Plastic banking cards yet to gain full momentum
In reducing the refinancing rate, the bank hopes to preserve the attractiveness of savings deposits, while avoiding excessive demand for loans. According to Sergey Dubkov, the Deputy Chairman of the National Bank’s Board of Directors, the public should be offered new, non-banking instruments of personal savings.
By Roman Averyanov
“If inflation in 2012 stands at 19-22 percent, the refinancing rate can be reduced to 20-23 percent per annum,” explains Mr. Dubkov. He notes that a sharper reduction in interest rates could lead to the same problems as needed to be resolved last year.
Mr. Dubkov admits that, in recent times, the scale of public lending has reduced, due to the re-structuring of the system of privileged housing loans and the cost of commercial loans. However, enterprises are still taking out loans in significant volumes, showing that current interest rates are affordable.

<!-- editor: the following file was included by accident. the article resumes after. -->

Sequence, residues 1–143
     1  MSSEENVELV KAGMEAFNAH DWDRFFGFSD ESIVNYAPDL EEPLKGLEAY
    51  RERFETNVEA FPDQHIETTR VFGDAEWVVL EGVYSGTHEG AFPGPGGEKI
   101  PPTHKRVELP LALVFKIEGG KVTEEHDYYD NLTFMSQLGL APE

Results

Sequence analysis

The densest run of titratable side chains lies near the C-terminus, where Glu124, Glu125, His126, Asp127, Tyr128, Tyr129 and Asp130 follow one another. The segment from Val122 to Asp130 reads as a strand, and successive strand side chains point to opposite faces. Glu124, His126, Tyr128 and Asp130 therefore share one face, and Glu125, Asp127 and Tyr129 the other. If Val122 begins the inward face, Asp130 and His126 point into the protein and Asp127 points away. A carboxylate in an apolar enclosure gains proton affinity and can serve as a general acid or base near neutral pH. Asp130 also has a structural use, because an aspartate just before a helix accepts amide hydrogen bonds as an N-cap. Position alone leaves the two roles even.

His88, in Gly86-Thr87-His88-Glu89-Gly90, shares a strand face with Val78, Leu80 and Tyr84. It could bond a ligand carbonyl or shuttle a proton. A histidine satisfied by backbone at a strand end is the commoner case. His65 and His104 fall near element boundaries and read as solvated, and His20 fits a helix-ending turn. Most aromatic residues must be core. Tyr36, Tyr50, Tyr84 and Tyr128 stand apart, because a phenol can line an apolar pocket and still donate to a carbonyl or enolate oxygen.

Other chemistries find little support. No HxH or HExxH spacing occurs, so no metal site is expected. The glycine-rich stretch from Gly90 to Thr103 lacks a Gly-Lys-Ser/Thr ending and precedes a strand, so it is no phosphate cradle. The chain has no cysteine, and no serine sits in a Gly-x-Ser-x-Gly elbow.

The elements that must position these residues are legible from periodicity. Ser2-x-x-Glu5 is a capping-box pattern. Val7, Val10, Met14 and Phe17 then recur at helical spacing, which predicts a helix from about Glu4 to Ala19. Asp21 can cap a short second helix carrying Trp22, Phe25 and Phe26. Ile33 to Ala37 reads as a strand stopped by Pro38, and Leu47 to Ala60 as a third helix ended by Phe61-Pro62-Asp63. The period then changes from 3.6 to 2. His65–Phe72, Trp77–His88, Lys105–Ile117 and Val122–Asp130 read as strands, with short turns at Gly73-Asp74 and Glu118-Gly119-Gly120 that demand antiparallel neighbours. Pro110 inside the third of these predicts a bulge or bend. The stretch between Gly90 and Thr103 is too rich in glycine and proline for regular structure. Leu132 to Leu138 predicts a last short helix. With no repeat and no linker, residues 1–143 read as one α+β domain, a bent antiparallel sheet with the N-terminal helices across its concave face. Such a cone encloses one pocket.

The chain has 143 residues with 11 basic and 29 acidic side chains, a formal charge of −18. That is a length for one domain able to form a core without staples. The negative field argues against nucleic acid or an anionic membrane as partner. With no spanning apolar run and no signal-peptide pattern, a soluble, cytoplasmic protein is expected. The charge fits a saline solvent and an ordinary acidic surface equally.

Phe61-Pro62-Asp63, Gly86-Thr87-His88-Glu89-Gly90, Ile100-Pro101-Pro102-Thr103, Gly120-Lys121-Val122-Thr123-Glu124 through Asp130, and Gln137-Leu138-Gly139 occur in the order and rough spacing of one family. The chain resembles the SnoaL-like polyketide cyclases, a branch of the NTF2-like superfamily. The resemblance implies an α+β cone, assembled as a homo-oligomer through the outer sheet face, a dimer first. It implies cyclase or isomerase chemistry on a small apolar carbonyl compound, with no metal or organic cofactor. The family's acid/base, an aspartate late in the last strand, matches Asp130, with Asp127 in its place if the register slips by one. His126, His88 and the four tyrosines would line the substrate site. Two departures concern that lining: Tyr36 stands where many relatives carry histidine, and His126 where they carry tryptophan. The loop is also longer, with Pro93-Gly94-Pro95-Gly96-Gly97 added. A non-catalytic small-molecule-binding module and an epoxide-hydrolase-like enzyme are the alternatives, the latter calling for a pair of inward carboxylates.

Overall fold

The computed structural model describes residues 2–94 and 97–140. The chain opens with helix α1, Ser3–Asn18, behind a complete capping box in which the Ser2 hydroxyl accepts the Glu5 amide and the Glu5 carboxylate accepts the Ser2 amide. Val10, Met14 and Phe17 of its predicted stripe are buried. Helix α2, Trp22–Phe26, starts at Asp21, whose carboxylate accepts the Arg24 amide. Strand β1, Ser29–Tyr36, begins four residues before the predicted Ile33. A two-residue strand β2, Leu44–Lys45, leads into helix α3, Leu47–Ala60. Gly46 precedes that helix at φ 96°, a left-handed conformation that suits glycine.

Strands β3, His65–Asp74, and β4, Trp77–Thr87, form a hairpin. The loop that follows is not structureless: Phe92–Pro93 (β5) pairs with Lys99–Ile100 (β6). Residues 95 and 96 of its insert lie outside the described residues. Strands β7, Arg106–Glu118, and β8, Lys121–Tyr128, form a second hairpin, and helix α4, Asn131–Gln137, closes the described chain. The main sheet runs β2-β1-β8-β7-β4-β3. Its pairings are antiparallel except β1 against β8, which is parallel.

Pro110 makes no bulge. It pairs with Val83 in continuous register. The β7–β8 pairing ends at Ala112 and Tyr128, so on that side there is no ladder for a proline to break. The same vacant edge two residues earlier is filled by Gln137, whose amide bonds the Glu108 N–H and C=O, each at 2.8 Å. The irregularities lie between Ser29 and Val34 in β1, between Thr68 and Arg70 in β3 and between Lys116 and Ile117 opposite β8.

On May 16th, the refinancing rate was reduced by a small amount, from 36 to 34 percent per annum, taking into account the interests of depositors, whose savings’ profitability directly depends on the refinancing rate.
Mr. Dubkov believes that, in future, new instruments of savings should be developed in Belarus, following the example of other countries. In particular, those wishing to save money could buy shares in consumer co-operatives. This would give residents more options. Meanwhile, the National Bank — jointly with the Trade Ministry — is working on expanding the use of plastic banking cards in the shops. In Belarus, the number of such cards in circulation had reached 10m by the beginning of this year but many card holders still only use them to take out cash from ATMs.
“Until trade and service outlets take the initiative in accepting cards, movement in this direction will be limited,” notes Mr. Dubkov. “There’s competition on the market, as well as necessary infrastructure and telecommunications. The issue is only to fill relations with real economic content.”